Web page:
When the kids go back to school, a lot goes through their heads on school principals: school safety, debates over masking, how to help kids academically catch up when they’re lagging behind. But that’s not all. School principals are also concerned about how they will feed children in their canteens due to the labor shortage and widespread supply chain problems caused by the pandemic.
School has already started in Jefferson County, Colorado. Beth Wallace is the executive director of food and nutrition services for the district.
“We are experiencing things that we have never seen before … we typically have 450 employees, and our positions are currently at around 98, ”said Wallace.
She said the district increased the wages of the school canteen from $ 12.48 an hour to $ 15 an hour. People still don’t come to work.
Figuring out what to serve children has become a challenge. This year the students will receive fewer meals.
“Our high schools had maybe six or seven options. And this year you might be lucky enough to get two of those options. By the way, everything we’ve printed with those menus has to change on site because the delivery of products doesn’t arrive, ”Wallace said.
There is a similar story at Plymouth-Canton schools in Michigan. Kristen Hennessey is the director of food and nutrition services there. She tried to get creative with recruiting people. When school staff go to restaurants and meet servers and other talented workers, she asked them to hand out business cards with a QR code tied to an application to the school district.
“Well, of course there is a labor shortage, as with all, and I told my staff that too. … I said we are not alone in this. Everyone has to change the way they do business, so we’re not an island to ourselves, ”said Hennessey.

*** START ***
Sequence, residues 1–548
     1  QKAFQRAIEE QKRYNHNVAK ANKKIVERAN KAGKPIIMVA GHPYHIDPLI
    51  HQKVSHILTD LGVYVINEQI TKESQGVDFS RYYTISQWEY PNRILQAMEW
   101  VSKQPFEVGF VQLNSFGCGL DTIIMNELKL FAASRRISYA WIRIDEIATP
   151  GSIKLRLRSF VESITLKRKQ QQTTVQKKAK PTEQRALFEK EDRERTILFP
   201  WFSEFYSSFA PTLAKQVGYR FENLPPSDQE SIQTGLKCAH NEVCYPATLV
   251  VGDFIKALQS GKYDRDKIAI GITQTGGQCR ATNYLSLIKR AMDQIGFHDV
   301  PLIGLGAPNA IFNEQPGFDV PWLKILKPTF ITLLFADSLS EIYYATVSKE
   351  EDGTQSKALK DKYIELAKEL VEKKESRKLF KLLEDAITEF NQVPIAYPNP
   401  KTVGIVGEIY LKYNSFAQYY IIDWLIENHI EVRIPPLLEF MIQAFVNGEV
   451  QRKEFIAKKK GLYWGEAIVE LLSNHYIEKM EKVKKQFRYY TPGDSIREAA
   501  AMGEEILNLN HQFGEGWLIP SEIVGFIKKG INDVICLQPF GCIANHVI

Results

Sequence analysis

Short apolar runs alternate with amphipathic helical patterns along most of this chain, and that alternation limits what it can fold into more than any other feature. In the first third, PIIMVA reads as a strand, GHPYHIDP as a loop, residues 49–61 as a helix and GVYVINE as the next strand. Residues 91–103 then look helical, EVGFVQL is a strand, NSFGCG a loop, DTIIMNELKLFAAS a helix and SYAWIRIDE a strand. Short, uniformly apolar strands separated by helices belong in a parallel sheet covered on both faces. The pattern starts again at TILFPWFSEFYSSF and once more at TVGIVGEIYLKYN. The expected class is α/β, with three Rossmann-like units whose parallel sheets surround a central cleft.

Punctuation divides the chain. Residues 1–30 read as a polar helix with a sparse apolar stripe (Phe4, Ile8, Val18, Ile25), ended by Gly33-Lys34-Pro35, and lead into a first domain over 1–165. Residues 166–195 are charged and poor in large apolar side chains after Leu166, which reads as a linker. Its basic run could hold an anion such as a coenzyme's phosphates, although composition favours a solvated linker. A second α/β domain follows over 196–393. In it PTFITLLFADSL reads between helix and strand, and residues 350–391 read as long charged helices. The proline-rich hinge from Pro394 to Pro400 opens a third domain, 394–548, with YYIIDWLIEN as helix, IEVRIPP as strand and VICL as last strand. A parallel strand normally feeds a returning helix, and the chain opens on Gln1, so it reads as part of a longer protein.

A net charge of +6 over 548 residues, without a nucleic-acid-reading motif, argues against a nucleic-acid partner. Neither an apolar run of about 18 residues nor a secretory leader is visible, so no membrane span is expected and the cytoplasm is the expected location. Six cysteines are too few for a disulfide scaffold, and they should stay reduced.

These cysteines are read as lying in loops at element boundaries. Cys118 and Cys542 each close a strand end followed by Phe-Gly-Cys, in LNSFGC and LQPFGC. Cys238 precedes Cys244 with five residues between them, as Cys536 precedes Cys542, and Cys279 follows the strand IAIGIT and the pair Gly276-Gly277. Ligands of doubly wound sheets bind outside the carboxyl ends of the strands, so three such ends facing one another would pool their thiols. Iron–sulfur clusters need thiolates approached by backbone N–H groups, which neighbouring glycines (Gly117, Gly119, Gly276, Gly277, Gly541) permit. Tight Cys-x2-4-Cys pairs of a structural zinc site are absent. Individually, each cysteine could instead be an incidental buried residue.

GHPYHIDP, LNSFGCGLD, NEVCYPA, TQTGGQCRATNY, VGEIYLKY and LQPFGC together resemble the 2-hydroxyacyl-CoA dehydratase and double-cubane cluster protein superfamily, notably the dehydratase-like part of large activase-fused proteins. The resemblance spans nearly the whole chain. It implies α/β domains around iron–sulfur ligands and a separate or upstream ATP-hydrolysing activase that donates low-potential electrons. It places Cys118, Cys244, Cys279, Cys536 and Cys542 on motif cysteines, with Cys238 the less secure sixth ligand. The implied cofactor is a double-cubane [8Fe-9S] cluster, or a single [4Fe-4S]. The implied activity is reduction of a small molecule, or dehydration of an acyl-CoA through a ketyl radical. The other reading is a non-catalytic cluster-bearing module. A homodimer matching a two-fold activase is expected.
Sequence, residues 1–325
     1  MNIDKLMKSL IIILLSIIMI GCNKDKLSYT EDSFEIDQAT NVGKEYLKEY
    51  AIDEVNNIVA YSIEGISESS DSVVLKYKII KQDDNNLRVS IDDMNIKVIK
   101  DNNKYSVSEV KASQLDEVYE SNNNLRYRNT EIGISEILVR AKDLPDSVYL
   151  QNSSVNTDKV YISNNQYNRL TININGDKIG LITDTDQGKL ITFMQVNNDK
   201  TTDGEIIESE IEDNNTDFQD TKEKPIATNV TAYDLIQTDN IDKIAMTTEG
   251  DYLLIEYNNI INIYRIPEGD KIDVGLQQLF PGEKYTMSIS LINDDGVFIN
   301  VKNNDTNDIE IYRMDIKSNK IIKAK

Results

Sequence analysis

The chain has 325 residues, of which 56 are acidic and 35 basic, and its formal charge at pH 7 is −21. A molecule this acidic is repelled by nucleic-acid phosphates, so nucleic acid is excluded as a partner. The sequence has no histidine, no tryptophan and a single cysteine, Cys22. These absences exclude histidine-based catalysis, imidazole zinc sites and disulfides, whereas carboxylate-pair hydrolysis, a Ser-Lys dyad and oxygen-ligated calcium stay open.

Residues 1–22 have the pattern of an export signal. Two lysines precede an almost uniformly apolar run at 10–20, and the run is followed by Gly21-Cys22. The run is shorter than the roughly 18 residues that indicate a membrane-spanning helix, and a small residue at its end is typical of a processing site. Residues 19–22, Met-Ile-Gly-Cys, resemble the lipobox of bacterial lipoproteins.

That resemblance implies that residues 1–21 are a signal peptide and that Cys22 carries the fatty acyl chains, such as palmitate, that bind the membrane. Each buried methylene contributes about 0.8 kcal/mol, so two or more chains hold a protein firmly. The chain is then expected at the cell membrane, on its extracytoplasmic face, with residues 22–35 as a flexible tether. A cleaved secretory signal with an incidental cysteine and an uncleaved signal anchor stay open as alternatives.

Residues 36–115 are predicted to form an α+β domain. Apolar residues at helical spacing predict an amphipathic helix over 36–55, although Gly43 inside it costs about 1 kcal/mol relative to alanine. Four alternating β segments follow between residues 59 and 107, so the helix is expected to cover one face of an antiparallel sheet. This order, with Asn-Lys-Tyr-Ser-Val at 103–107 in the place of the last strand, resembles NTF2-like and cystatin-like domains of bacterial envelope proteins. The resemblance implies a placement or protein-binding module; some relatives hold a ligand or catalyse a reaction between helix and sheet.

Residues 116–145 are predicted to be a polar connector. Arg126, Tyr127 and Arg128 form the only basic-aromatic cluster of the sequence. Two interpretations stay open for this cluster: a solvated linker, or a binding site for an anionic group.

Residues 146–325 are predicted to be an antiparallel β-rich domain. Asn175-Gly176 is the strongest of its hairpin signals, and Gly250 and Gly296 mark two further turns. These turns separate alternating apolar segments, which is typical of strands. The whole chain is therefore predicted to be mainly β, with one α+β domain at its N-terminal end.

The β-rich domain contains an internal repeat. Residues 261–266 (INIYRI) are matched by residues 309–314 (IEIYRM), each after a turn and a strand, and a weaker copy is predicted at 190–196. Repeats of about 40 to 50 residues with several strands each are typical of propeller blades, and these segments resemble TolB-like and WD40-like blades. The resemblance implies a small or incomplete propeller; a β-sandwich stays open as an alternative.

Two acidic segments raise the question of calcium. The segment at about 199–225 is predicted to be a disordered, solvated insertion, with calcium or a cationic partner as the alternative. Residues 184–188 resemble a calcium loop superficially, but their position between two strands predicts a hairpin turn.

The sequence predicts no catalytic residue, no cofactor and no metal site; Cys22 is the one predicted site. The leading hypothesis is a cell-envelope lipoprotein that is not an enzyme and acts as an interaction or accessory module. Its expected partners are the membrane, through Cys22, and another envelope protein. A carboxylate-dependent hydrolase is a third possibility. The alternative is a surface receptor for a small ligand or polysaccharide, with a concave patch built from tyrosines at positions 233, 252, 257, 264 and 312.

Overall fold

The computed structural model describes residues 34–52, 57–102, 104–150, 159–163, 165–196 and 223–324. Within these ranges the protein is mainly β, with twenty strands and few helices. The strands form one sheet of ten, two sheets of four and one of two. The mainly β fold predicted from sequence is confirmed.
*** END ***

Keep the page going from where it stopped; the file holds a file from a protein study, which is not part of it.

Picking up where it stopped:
Nationwide, the School Nutrition Association announced that public school canteens served more than 29 million students before the pandemic. With more students returning to face-to-face classes this year, finding staff to cook and serve meals across the country is challenging.
“A crisis point”
“The labor shortage has become a real hot spot in school nutrition for many of us, especially in these major boroughs, ”said Katie Wilson, executive director of the Urban School Food Alliance, a group that represents catering professionals in the country’s largest school districts. “Many of our counties are looking for  300 employees in their school nutrition programs alone. ”
And she said the labor shortage doesn’t end at the cafeteria door.
“The distributors, the manufacturers, also have work problems. There aren’t enough people working in warehouses, there aren’t enough truck drivers. We heard from some dealers that they can only ship one for every 10 trucks, ”said Wilson.
Bottlenecks are driving up prices
And the scarcity, combined with the demand, are driving up prices. Wilson said she heard of school districts where costs have increased between 7% and 30% this year. Many school districts also have fewer opportunities to cook food on site. While food prepackaged and cooked off-site may meet nutritional requirements, she said it won’t be as fresh as food cooked in a school.
“Buying more local products, processing our own food, and preparing our own food takes work. It’s easy to buy something in a wrapper, reheat it, and serve it, but we don’t want that, ”said Wilson.